COVINGTON --The Newton County Board of Education held an apparent illegal closed meeting Tuesday to discuss the vice chair writing columns for the Citizen.
Before Tuesday's monthly meeting, the board met for executive session, and after discussing personnel and pending litigation, board Chairman Eddie Johnson asked Newton County School System Superintendent Gary Mathews to leave the room and send in attorney Kent Campbell, according to board Vice Chair Jeff Meadors.
Meadors writes a weekly column on education for the Citizen.
Meadors claims that Johnson brought up concerns with him about writing an opinion column for the Citizen, as he has done since January. Meadors said Johnson and Campbell spoke to him about writing in opposition to House Resolution 1162 that dealt with local board control, even though the Newton BOE took a position against the measure earlier this year, and said that a few Newton teachers had complained about some issues brought up in a column even though Meadors claimed it wasn't directed at any local teachers but rather statewide and legislative issues.
"My articles come from more than 25 years of experience," Meadors said Thursday.
Additionally, Meadors said that Campbell asked him to remove his board affiliation from the signature line of his column, and Meadors felt he also was implying that he should stop writing altogether because some board members were concerned that the general public assumed he was expressing the feelings of the entire board.
"(The columns) are my own opinion," Meadors said, adding that elected officials, such as state Rep. Doug Holt and Rockdale County Board of Education member Brad Smith, also write opinion columns for the Citizen that include their elected affiliations.
Meadors said Thursday that he does not share confidential matters in his columns and normally covers national, state and local educational issues.
"I work hard to support our schools," Meadors said, adding that he also is a strong supporter of local teachers.
When asked by the Citizen if the meeting was held during executive session, Meadors said that all five board members were present at the time of the meeting, the doors were shut to the meeting room and no vote had been taken to end the closed session.
Under Georgia's Sunshine Laws, school boards are required to transact business in the open unless members are discussing employee personnel matters, pending litigation or real estate acquisition.
"A lawyer is entitled to meet in a closed session with a local government agency only to discuss pending or threatened litigation. That is not what was happening here, and thus it would be illegal to conduct a closed meeting with the lawyer present to simply discuss the writing of a newspaper column by a board member and what is reflected as a part of that column," said David Hudson, attorney for the Georgia Press Association.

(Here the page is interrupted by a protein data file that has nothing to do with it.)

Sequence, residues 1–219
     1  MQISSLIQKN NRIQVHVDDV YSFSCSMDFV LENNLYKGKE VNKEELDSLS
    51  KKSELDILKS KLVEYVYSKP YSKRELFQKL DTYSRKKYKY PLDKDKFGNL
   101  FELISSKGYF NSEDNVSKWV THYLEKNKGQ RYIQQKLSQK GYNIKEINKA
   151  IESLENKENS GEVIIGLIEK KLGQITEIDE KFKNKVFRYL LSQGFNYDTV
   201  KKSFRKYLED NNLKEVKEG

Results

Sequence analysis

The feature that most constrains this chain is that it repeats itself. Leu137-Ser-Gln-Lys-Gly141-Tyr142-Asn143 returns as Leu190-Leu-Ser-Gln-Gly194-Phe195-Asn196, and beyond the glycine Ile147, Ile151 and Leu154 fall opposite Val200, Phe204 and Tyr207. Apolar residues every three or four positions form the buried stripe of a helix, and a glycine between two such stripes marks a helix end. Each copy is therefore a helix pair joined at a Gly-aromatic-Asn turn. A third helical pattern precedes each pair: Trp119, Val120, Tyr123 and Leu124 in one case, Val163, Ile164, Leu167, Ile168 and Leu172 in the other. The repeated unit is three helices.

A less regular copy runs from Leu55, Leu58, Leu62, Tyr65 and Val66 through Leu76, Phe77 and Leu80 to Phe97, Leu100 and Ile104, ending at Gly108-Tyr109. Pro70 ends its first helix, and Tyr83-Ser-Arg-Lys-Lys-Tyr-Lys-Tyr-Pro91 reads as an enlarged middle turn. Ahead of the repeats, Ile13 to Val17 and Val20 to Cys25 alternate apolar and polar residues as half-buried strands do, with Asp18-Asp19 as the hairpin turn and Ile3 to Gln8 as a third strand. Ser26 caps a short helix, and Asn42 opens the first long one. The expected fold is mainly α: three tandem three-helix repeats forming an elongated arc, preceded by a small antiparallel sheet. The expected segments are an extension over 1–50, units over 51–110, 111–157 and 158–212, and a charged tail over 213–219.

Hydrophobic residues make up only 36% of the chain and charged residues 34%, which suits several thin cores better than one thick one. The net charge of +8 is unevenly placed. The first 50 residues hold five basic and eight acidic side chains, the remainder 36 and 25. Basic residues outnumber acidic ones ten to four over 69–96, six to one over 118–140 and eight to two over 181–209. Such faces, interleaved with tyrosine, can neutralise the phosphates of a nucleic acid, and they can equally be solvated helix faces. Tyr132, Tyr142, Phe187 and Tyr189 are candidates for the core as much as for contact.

Meadors said Friday that it's his opinion after the fact that the meeting was a violation of the Open Meetings law.
"I regret this distraction from our system goals and student achievement, yet the board chair, after admitting that he never reads the paper, essentially spearheaded a witch hunt based on incorrect assumptions about my columns and he chose a meeting that violates the right to notice and the keeping of minutes of the Georgia Open Meetings Act," Meadors wrote in an email Friday. "He sent out the superintendent and co-opted the school board attorney to direct me to contact the Newton Citizen and 'insist' that they remove my board affiliation from my columns. This is the third meeting where the topic of the Newton Citizen has been a focus ... where at least one individual has spoken about investigating the newspaper.
"Since there was no substance to any claims of the chairman related to my columns, and since he took issue with a column where I mentioned the hiring of friends and family in school systems, my personal opinion is that this violation of legal meetings was fueled by a disgruntled system employee," Meadors added.
When asked by the Citizen on Thursday to comment on the issues brought up with Meadors and with regard to holding an executive session meeting to discuss those issues, Campbell and Johnson refused to comment, saying they do not publicly discuss items handled in executive session.
There is no legal restriction on public discussion of matters that are handled in executive session.
"It is totally within the discretion of a government member whether to disclose what is said at a closed meeting. There is no penalty for doing so, and any attempt to penalize would have serious Constitutional problems due to the restriction on free speech," Hudson said. Also, there are "rights of a government member to speak to the public, including his constituents, about whatever occurs in the course of a meeting -- opened or closed."
Mathews would not comment on the issue.
"I have no comment at this time, as this is a matter amongst BOE members or else I would have been included in the executive session," Mathews said Thursday.
Sunshine Laws provide penalties for noncompliance with the Open Meetings law, including anyone who knowingly conducts or participates in such a meeting being guilty of a misdemeanor punishable by a fine not to exceed $500. Public officials may also be subject to recall. The Attorney General also may bring civil or criminal action to enforce compliance.